To determine what Washington should have done differently and how it should change its global strategy, we must understand what motivated Russia to invade Ukraine and Crimea in the first place. The invasion was a strategic decision reacting to a perceived threat from NATO and EU expansion toward Russian borders. With the Ukrainian coup in 2014, Russian leaders feared that a Western-friendly government would pursue NATO membership. Russian concerns were not utterly baseless, given that NATO was founded as a group designed to counter Moscow’s ambitions, that Ukraine and NATO had an ongoing military relationship, and that NATO leadership had expressed openness to the possibility of Ukrainian membership in the face of Russian opposition. As Russian writer Leonid Bershidsky recently wrote, Russia could have easily conquered all of Ukraine in 2014 had it wanted to. However, it held back because its goals were only to ensure that Russia, and not a NATO-allied Ukraine, had access to the important naval base of Sevastopol, to demonstrate Russian power, to harm Ukraine enough to dissuade any other Eastern European country from aligning with the West, and to convince the West not to antagonize Russia. Immoral though Russian aggression in Ukraine may be, it’s unlikely that Russia would have felt the need to invade if the US had refused to consider closer relations with Ukraine.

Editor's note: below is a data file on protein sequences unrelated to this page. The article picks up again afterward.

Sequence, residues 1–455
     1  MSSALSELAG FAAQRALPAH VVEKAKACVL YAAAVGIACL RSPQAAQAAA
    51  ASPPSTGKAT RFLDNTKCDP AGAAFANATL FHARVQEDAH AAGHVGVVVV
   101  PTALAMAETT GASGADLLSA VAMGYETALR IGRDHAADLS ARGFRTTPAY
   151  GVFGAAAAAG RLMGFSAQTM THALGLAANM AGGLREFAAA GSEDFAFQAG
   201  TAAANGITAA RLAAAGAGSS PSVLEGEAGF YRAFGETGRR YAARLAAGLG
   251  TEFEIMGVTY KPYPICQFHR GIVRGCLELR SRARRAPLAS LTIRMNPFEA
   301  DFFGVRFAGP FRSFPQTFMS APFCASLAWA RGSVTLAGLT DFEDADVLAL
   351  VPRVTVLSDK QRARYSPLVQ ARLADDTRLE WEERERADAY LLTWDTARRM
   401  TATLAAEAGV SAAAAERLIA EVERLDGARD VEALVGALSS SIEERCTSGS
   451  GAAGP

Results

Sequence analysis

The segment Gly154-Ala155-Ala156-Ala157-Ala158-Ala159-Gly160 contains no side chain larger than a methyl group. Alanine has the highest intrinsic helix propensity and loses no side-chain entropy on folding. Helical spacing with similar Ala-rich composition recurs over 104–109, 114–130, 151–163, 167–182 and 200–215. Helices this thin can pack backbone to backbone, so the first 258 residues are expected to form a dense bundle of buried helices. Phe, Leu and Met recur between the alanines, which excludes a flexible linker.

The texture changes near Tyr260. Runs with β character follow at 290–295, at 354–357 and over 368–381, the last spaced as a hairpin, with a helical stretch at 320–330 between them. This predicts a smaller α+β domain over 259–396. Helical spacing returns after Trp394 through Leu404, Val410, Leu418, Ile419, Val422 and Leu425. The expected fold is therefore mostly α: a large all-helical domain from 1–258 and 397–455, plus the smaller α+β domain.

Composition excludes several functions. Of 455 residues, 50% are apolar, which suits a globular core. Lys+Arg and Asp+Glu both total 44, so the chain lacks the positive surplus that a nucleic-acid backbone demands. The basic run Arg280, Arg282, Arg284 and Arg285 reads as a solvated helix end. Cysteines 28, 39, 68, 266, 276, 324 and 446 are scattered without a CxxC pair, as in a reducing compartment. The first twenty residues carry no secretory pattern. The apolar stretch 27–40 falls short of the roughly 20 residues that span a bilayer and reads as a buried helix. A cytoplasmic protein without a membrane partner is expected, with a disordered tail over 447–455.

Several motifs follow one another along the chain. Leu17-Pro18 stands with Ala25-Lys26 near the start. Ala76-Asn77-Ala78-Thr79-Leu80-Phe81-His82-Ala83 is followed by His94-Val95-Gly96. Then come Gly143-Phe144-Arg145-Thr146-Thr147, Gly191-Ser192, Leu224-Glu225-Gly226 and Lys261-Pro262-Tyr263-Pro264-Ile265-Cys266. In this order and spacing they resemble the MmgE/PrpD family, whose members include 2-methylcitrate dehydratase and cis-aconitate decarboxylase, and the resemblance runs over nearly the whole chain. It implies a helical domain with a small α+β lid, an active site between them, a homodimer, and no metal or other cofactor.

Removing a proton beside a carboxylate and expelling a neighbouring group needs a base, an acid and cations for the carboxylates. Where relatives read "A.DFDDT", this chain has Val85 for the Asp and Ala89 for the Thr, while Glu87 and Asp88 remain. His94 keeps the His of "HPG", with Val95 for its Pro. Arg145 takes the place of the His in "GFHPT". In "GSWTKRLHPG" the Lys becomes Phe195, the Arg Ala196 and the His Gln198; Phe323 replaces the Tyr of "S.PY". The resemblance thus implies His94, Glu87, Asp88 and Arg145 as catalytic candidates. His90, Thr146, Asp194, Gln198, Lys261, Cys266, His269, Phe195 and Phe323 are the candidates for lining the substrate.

Given that current policy has been disastrous for all parties, is there an alternative strategy for Washington that would be more successful? The alternative to current American policy is likely a deal whereby the West promises not to accept Ukraine, or other countries on Russia’s border, such as Belarus or Georgia, into the EU or NATO, and Russia agrees to withdraw from eastern Ukraine and Crimea. Although this would remove Moscow’s reason for aggression, it would take a great deal of additional work to repair the wounds of the Ukrainian dispute. It is not at all clear that such a deal would increase cooperation between Moscow and Washington. Furthermore, such a deal would send a signal to the world, especially those countries hoping to alter regional balances of power in their favor, that the United States is not only willing to permit aggression, but also reward it by refusing to ally with Ukraine. After all, should such a deal be implemented Moscow would have successfully fulfilled its main objectives in Ukraine through aggression.